Emerging Contaminants: These are explicitly not within the scope of the new standard but may be mentioned as an environmental concern, which at the moment includes per- and polyfluoroalkyl substances (PFAS). Until a substance is defined as a hazardous substance, it cannot be considered the reason for a REC. EPs may list emerging contaminants as a Non-Scope Consideration though, allowing them to show up in the report as more of a business concern.
Expiration of the Report: EPs have long stated that their reports expire 180 days after their issuance. However, this conflicts with the regulations’ requirement that certain portions of the report be conducted within 180 days of the transaction (meaning closing for most). The new standard clarifies that a report’s expiration is dependent on the date that certain items were conducted, including (1) owner and operator interviews; (2) governmental records search; (3) site reconnaissance; and (4) EP certification. Each of these components must be conducted within 180 days of the transaction, in addition to conducting the title search for environmental liens. Additionally, the new standard clarifies that all other elements of the Phase I ESA must be conducted within one year of the transaction. And most importantly, the dates that all critical items were completed must now be identified in the report.
Significant Data Gaps: Previously, a significant data gap was not defined, but it is now defined as: “a data gap that affects the ability of the environmental professional to identify a recognized environmental condition.” The new standard requires the EP to explain how the gap affected the EP’s ability to identify RECs and requires some additional documentation, requiring the resources and/or sources of information that allowed the EP to identify the data gap to be identified in the report.
Title Searches: The new standard requires the user of the Phase I ESA perform the environmental lien and activity use limitation searches, and clarifies that these searches are not to be performed by the environmental professional (the consultant) unless specifically contracted for in their engagement with the user. Specifically, the user must search for “land title records,” which includes, but is not limited to “deeds, mortgages, leases, land contracts, court orders, easements, liens, and AULs” that could be located “within the recording systems or land registration systems created by state statute in every state and ordinarily administered in the local jurisdiction.”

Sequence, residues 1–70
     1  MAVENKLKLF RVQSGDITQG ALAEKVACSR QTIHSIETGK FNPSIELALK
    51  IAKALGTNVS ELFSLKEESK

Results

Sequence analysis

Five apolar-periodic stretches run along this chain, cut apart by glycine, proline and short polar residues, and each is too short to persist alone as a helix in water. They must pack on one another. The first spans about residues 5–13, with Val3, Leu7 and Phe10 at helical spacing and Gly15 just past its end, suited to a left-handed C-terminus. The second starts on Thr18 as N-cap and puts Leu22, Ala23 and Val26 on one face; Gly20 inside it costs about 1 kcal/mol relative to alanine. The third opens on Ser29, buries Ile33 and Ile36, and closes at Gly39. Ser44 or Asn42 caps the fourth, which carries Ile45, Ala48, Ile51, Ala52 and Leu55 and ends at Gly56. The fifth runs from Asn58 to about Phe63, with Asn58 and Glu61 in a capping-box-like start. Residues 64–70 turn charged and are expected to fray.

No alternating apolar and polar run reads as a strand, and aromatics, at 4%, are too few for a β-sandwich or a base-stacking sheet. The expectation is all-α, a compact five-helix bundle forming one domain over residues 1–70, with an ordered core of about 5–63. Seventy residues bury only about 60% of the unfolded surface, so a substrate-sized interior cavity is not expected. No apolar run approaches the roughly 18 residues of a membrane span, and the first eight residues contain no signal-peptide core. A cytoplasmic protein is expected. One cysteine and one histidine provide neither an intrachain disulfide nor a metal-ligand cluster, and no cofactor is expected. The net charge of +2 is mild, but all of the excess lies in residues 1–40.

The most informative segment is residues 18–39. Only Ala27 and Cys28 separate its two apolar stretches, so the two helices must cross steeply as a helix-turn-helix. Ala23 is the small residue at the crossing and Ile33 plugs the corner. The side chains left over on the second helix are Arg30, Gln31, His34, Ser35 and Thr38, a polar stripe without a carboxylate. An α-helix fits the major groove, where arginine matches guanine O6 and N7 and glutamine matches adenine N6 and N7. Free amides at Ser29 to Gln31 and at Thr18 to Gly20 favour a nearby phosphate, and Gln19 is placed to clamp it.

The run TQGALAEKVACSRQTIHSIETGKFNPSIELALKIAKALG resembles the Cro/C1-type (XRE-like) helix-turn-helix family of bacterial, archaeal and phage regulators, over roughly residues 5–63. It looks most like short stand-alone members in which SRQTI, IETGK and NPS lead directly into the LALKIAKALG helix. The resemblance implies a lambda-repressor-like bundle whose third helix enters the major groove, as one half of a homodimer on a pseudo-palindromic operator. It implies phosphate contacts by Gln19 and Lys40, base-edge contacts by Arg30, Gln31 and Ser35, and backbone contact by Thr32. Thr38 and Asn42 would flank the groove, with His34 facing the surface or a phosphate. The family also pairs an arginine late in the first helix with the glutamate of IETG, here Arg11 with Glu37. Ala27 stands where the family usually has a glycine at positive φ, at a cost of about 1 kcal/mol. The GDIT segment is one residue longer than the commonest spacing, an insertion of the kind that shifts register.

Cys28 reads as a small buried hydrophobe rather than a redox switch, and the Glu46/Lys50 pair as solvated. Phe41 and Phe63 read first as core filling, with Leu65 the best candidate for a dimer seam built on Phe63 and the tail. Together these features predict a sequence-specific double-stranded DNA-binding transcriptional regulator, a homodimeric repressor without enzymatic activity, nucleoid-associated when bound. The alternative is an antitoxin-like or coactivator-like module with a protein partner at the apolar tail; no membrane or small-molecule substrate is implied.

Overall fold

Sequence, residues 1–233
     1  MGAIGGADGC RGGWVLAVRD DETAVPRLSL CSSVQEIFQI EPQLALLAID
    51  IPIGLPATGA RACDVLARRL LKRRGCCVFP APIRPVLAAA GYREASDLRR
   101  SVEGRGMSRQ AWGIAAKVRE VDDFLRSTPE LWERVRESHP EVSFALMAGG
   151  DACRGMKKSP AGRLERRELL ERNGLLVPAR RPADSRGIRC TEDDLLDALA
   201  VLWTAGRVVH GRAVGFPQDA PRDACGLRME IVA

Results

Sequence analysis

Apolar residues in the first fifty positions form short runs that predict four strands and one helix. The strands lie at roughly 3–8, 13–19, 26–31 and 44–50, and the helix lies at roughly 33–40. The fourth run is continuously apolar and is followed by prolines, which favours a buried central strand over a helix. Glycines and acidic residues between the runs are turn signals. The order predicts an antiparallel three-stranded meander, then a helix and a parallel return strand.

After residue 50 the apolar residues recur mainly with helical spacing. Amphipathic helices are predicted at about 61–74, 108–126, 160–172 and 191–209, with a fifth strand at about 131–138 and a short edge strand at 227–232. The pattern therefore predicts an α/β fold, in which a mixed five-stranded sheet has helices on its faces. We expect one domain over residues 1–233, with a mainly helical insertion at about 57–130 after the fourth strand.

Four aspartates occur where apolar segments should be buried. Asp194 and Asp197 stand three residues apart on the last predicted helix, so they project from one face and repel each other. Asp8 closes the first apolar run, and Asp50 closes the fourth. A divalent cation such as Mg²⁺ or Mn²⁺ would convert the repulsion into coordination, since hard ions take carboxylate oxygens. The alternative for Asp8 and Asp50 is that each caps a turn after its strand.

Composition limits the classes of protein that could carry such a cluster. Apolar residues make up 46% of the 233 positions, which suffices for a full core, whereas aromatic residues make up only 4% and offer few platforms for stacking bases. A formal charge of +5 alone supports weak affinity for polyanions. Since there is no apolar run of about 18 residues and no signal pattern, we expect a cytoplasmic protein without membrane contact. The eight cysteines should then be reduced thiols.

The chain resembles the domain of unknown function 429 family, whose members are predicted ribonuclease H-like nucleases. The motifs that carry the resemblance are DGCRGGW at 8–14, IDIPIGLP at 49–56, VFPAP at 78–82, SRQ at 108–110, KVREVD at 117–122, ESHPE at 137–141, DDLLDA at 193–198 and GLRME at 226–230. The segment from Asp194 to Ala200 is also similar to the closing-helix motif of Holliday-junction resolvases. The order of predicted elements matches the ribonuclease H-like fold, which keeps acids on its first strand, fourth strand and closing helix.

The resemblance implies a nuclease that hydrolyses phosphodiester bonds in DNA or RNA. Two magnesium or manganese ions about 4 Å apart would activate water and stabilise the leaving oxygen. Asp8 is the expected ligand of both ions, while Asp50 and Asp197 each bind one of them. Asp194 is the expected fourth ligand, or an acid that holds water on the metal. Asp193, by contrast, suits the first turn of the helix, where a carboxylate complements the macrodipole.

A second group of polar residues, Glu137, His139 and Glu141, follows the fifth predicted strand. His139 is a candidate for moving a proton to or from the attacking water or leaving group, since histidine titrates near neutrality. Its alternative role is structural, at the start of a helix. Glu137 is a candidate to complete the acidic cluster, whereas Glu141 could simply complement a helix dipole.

Other Changes: The new standard has rolled out updates of other aspects of the Phase I ESA. The EP must provide their rationale for concluding that the subject property has a CREC along with copies of the regulatory documentation. A site plan must be included in the Phase I ESA showing the approximate locations of features, activities, uses, and conditions on the subject property. Finally, color photographs of the exterior and interior, significant features, RECs, and adjoining or nearby properties of note must also be included.
These changes would add much-needed clarity and consistency on some of the obscure Phase I ESA requirements. For now, while parties await further direction and action by U.S. EPA, the previous standard, ASTM E1527-13, will continue to be a viable option, until and unless the 2013 standard is withdrawn by U.S. EPA – a possibility given the adverse comments received. Even though the 2013 standard is still acceptable, we anticipate the ASTM E1527-21 standard will be finalized shortly by U.S. EPA and recommend that new Phase I ESAs that are prepared going forward use the 2021 ASTM standard rather than the 2013 standard.
Please reach out to Daniel Fanning or another member of Husch Blackwell’s Environmental team if you have any questions about Phase I ESAs and other environmental due diligence issues.